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Rev. Alban Butler (1711–73). Volume V: May. The Lives of the Saints. 1866.

May 30

St. Maguil, in Latin Madelgisilus, Recluse in Picardy

HE is said to have been a native of Ireland, and the inseparable companion of St. Fursey, with whom he passed into France. After the death of that saint (who is honoured on the 16th of January) Maguil retired among the monks of St. Riquier, whom he exceedingly edified by his virtues; but fearing that the extraordinary veneration in which he was held might expose him to the suggestions of pride, he, with the abbot’s leave, hid himself in the solitude of Monsterlet, upon the river Authie, where he served God with new fervour in all the exercises of a contemplative life. Here he was visited by a holy English recluse named Vulgan, 1 with whom he contracted a strict friendship, and they afterwards lived together for several years. The latter being seized with a mortal illness, endeavoured to comfort his companion, whose grief on the occasion was excessive; and exhorting him to have sentiments more becoming a Christian, “You should tremble,” says he, “lest by this grief you offend God, and lose all the fruit of your labours.” The abbot and monks of St. Riquier being apprized of the situation of Vulgan, administered to him the sacraments, and after his death buried him in the chapel of the hermitage. St. Maguil survived him but a short time, having died about the year 685. His body was buried in the same tomb with that of his holy companion, but was afterwards removed into a church of his name built near St. Riquier. He is honoured on this day, which is supposed to be the day on which he died. See his life written in the twelfth age by Hariulf, a monk of St. Riquier, and published with remarks by Mabillon, sæc. 4, Bened. p. 2, it is also in the Bollandists, with the notes of Henschenius and Papebroke.  1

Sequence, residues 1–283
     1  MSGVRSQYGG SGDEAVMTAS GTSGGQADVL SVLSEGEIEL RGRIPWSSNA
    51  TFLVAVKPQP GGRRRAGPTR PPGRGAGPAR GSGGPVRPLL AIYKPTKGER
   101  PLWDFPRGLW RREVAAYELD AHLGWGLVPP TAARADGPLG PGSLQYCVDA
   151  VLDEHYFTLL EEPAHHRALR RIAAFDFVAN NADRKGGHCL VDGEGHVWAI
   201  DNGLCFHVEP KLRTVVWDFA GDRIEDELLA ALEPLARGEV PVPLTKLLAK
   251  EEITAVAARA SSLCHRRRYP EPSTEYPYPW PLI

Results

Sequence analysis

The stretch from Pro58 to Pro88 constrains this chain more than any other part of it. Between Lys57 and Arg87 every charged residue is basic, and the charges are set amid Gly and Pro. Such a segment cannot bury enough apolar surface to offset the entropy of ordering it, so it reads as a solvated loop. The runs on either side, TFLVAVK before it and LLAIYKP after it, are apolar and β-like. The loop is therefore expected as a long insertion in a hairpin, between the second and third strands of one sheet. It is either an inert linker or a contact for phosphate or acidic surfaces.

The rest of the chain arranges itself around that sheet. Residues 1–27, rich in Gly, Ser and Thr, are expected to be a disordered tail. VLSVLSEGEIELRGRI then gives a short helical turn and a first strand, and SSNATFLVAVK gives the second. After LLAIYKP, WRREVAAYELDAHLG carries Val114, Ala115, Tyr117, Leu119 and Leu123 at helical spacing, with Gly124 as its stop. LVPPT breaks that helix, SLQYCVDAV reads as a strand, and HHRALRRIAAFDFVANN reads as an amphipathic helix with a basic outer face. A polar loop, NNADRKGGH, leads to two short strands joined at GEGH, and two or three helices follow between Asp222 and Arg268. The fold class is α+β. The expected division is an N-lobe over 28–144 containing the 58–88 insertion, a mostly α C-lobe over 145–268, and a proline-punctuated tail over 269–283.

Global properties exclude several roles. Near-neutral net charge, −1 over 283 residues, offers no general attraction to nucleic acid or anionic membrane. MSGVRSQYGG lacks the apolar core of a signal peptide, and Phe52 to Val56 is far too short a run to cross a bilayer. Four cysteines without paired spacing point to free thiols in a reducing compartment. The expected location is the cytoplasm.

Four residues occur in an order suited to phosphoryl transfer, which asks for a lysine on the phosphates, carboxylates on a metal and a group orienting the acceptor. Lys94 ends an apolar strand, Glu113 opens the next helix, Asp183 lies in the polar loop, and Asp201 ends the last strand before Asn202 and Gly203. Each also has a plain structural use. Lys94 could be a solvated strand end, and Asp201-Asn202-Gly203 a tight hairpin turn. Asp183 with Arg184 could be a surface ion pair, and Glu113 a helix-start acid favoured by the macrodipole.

Note 1. It is said by some writers that this Vulgan had been archbishop of Canterbury, but without foundation. [back]